• the robustness of contractual arrangements between the firm and the tied agent; and
  • the effectiveness of the monitoring processes which the firm has in place.

For UK and other third country managers, ESMA’s views specific views on a tied agent’s and appointing firm’s interaction with third countries are noteworthy.

  • Member state authorities will need to be satisfied that firms can properly asses the activities of tied agents with close links with other entities, including non-EU entities, that could “exercise inappropriate influence” over a tied agent that could prevent the firm from effectively monitoring the activities of their tied agent (e.g. cases in which the tied agent is a legal person and is owned or controlled or has close links to a third-country entity that is itself involved in activities concerning manufacturing or distribution of financial instruments).
  • In assessing whether a tied agent has sufficient people to offer the services, an appointing firm should assess the place from which a tied agent’s employees or contractors are made available to the tied agent how they are monitored. ESMA would expect an appointing firm not to hold that a tied agent does not have sufficient people to offer its services if the tied agent has “no sufficient substance in the EU or if a tied agent mainly relies on resources based outside the EU”.
  • ESMA unpacks the “sufficient substance” principle by directing member state authorities to scrutinise carefully the cases in which firms have a business model that mainly consists of (and their remuneration mainly comes from) appointing tied agents which are legal persons with close links to other entities, especially to third-country entities.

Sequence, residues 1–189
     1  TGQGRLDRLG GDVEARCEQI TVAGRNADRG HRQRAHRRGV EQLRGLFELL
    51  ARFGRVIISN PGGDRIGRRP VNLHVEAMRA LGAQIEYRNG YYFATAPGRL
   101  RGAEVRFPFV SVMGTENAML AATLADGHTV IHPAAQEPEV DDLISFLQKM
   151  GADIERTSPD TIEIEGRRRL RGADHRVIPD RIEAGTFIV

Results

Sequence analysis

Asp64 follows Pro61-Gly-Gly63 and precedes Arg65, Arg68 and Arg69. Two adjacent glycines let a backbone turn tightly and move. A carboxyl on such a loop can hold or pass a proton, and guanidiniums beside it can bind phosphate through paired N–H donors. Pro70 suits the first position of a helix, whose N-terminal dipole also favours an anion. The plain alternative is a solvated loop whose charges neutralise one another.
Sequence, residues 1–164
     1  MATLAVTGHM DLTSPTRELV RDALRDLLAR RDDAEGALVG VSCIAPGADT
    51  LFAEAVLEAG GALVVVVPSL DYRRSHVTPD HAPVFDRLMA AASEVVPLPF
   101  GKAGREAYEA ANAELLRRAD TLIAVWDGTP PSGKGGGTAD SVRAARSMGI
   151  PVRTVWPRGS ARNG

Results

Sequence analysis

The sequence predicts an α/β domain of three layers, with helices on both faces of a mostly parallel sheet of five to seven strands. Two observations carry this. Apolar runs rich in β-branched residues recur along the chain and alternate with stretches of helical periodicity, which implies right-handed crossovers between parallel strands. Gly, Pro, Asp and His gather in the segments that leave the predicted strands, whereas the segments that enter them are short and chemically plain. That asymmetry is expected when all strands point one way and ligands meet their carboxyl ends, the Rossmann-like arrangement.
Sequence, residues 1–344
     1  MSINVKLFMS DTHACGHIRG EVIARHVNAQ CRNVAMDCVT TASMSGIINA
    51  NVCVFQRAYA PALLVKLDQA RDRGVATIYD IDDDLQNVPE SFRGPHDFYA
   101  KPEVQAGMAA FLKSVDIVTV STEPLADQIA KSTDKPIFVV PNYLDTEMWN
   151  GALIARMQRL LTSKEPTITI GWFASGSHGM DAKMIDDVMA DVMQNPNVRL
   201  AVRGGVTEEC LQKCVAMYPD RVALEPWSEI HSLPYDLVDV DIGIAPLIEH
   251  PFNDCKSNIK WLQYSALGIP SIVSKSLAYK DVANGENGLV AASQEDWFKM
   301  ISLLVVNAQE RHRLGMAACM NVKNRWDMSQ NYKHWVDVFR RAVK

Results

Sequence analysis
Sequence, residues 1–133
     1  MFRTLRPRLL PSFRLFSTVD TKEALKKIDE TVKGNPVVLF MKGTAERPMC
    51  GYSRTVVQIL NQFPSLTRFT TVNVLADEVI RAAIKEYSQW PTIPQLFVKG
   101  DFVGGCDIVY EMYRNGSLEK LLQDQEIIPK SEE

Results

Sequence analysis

• It reinforces this direction by saying that a firm should not appoint a tied agent whose employees involved in the provision of the activities on behalf of the firm (e.g. sale staff) are also at the disposal or under the control of other entities, including third-country entities. ESMA’s view is that these entities could exercise inappropriate influence over the way in which a tied agent carries out its activities or prevent the appointing firm from effectively monitoring the activities of the tied agent (e.g. cases in which the tied agent is a legal person and is owned or controlled or has close links with a third-country entity that is itself involved in activities concerning manufacturing or distribution of financial instruments).
  • ESMA specifically draws out arrangements with another entity such as staff sharing agreements or secondment saying that it believes that allowing a tied agent to use mainly the resources of another entity, especially a third-country entity, constitutes a serious impediment to the firm’s compliance with its MiFID II duties, specifically the duty to monitor tied agents. The upshot of this is ESMA’s expectation that “tied agents have sufficient substance in the EU and do not mainly rely on resources based outside of the EU in the provision of activities on behalf of the appointing firm”.